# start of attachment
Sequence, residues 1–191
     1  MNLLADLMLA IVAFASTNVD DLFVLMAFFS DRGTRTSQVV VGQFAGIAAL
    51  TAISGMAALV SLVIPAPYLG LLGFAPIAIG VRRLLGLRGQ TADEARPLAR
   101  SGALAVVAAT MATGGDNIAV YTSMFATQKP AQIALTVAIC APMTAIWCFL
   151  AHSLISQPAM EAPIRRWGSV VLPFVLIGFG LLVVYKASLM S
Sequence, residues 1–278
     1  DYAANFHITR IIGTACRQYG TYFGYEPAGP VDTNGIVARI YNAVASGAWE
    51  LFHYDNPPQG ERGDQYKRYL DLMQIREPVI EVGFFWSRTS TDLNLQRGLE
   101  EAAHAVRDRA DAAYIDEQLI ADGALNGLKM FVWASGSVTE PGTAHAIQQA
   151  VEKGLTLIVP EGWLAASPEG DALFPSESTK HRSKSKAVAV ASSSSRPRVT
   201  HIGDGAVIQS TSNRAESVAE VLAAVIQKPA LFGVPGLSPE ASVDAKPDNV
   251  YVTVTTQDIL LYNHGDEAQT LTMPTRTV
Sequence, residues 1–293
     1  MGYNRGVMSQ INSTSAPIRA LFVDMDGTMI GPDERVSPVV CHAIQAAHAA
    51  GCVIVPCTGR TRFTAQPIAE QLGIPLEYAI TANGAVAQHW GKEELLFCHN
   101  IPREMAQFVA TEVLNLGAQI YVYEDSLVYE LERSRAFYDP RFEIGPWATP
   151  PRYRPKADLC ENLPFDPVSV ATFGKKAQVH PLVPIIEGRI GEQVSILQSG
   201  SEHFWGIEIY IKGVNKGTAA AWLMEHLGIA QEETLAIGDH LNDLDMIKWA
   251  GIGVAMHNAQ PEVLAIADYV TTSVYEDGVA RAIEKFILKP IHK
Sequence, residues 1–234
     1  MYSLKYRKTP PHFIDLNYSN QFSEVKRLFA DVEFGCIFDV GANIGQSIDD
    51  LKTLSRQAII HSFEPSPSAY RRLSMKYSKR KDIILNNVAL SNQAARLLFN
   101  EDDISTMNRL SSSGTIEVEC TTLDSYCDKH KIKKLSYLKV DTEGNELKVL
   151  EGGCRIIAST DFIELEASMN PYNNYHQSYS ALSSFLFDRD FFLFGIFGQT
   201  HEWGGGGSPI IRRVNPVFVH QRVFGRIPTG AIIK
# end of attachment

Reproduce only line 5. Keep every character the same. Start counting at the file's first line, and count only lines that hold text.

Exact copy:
   151  AHSLISQPAM EAPIRRWGSV VLPFVLIGFG LLVVYKASLM S